Trading Moving Averages with Less Whipsaws

Using a simple moving average to time markets has been a successful strategy over a very long period of time. Nothing to brag home about, but it cuts the drawdown of a buy and hold by about a half, sacrificing less than 1% of the CAGR in the process. In two words, simple yet effective. Here are the important numbers (using the S&P 500 index from 1994 to 2013, inclusive):

Statitistic SMA 200 Buy and Hold
CAGR 6.51% 7.13%
Sharpe Ratio 0.56 0.37
Sortino Ratio 0.05 0.04
Pct in Market

70.14 99.94
Winning Pct 54.61% 53.84%
Avg Drawdown 2.13% 2.48%
Avg Annual Drawdown 9.12% 15.83%
Max Drawdown 28.28% 56.78%
Gain to Pain 0.71 0.45

The moving average system is better by far. First, we can leverage it 2:1 (thus, bringing CAGR up to approximately 13%) and still, our maximum drawdown is going to be comparable to the buy and hold. Furthermore, it’s in the market only 70% – less risk and probably the returns can be further boosted by putting the money to work in alternative assets.

One problem with these type of systems are whipsaws. The system works well when the price stays away from the moving average. However, in close proximity, one may have to enter/exit in succession losing money on the way.

One way to address this issue is to use an alternative “line” to trigger the exits (or the entries, for that matter). It could be a percentage band, but that’s hardly universal. Better to bring volatility into picture.

Let’s do something more robust as an illustration.

require(btutils) # For construct.indicator

# Download data
gspc = getSymbols("^GSPC",from="1900-01-01",auto.assign=F)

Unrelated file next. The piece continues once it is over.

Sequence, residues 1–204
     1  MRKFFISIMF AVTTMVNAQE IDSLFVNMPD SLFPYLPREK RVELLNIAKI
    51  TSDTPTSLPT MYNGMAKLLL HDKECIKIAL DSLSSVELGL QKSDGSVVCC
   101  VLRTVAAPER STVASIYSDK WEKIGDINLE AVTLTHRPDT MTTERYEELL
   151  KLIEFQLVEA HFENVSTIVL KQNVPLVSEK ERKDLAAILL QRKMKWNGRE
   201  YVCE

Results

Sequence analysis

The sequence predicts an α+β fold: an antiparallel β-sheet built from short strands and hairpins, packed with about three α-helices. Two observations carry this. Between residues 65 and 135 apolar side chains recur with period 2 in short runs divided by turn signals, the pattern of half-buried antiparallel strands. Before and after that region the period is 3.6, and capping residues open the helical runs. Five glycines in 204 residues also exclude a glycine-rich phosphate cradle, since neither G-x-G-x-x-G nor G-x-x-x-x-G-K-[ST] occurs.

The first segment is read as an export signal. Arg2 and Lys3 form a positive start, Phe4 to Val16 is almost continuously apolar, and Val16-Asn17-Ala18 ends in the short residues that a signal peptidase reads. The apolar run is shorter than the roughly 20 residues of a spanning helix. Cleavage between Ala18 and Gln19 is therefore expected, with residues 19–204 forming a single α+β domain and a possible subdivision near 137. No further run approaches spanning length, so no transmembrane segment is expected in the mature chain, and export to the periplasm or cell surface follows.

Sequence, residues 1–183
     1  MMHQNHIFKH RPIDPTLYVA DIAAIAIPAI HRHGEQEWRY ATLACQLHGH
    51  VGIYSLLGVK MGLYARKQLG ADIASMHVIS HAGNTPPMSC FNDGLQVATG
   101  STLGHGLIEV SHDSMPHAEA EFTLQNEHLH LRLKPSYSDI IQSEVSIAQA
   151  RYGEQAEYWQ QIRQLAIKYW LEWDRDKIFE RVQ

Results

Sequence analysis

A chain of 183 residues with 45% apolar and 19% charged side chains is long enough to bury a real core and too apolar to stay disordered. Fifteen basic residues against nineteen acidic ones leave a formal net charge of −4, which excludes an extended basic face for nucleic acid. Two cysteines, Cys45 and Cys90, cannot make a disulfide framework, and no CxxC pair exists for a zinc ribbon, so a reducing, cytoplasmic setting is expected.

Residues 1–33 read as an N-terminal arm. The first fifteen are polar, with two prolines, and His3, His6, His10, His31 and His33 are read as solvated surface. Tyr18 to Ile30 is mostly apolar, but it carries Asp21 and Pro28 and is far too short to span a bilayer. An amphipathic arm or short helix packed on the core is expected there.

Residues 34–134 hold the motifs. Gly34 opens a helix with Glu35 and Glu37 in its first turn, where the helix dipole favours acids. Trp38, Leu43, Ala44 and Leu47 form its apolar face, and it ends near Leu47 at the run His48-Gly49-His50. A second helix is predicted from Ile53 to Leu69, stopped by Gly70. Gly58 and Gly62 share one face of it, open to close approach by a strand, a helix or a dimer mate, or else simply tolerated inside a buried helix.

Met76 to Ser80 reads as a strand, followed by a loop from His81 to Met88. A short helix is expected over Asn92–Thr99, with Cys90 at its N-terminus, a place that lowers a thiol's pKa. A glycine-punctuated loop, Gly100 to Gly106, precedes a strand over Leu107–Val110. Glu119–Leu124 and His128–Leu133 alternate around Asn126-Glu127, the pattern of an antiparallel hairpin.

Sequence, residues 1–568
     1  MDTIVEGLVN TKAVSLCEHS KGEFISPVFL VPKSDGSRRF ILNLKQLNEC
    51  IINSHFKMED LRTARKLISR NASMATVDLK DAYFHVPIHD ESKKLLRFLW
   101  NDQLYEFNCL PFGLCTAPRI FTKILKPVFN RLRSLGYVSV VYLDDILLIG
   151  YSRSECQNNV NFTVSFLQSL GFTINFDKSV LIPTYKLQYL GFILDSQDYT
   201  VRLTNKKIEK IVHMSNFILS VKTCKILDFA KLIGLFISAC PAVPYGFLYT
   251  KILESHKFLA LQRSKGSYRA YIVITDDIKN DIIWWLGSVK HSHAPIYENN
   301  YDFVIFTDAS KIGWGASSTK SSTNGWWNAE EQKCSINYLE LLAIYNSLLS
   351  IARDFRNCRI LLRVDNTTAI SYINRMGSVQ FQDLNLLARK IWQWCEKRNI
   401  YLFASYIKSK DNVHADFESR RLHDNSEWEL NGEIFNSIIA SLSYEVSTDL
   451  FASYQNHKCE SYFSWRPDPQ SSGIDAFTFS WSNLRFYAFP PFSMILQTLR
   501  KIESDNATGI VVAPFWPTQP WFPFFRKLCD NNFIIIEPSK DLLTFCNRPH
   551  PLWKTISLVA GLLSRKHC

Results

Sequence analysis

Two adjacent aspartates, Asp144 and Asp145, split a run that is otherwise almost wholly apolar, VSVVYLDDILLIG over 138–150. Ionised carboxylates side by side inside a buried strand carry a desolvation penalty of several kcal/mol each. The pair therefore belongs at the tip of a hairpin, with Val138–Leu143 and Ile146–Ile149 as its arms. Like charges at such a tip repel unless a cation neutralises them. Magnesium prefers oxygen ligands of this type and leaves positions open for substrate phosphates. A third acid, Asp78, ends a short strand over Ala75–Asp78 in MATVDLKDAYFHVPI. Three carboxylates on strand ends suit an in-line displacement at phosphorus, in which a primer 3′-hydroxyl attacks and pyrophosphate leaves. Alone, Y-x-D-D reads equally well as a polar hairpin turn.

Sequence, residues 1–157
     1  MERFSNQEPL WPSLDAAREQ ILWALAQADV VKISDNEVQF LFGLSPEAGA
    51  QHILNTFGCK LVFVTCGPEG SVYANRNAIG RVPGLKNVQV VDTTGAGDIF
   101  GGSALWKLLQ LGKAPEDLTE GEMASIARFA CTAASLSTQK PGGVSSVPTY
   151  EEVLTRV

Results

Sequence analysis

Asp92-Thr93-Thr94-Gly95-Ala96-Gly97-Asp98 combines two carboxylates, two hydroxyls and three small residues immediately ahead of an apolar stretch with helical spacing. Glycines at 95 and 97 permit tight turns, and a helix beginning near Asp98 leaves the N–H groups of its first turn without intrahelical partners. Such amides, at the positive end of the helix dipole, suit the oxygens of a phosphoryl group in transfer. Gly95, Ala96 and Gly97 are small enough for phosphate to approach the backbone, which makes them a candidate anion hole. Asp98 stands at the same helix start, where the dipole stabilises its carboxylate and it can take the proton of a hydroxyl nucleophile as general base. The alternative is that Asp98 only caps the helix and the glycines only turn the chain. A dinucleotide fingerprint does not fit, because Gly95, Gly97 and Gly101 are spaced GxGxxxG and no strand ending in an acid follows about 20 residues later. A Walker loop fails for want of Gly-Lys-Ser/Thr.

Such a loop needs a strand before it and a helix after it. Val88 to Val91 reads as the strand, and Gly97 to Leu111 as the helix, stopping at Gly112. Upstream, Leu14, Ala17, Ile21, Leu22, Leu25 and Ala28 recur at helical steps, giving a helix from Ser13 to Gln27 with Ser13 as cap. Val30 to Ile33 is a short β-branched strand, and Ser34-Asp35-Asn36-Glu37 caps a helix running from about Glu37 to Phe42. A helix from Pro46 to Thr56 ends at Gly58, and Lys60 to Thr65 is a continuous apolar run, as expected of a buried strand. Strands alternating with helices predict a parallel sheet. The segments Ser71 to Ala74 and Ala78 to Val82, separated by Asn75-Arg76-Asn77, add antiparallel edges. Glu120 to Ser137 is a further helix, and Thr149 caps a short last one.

# Compute the returns
rets = ROC(Cl(gspc),type="discrete")

# Compute the adjusted returns
adj.rets = rets/sqrt(runSum(rets*rets,10)/9)

# The moving average
sma = runMean(adj.rets,n=200)

# The standard deviation
stddev = sqrt(runSum(adj.rets*adj.rets,200)/199)

# Long trades are entered when the average turns positive = 0.0

# Long trades are closed when the average return goes below -0.05 standard deviations = -0.05*stddev

# For the "uncushioned" version use
# = 0

uu = ifelse(sma>,1,0)
dd = ifelse(sma<,-1,0)
long.entries = (uu == 1 & lag(uu) == 0)
long.exits = (dd == -1 & lag(dd) == 0)
short.entries = long.entries
short.exits = long.entries
short.entries[] = FALSE
short.exits[] = FALSE

# Given entries and exits (both for long and short positions), this function builds
# the corresponding indicator. It's pure C++, so it's fast too.
ind = btutils::construct.indicator(long.entries, long.exits, short.entries, short.exits)

First we apply the moving average not to the prices, but to the returns (an interpretation of David Varadi’s Error Adjusted Momentum). The “cushioned” system goes long when the average becomes positive, but to exit, it leaves some cushion below the moving average. What do we gain?

Statitistic Cushioned EA EA SMA 200 Buy and Hold
CAGR 10.93% 9.11% 6.51% 7.13%
Sharpe Ratio 0.80 0.69 0.56 0.37
Sortino Ratio 0.07 0.06 0.05 0.04
Pct in Market 80.28% 76.29% 70.14% 99.94%
Winning Pct 55.21% 55.00% 54.61% 53.84%
Avg Drawdown 1.88% 2.05% 2.13% 2.48%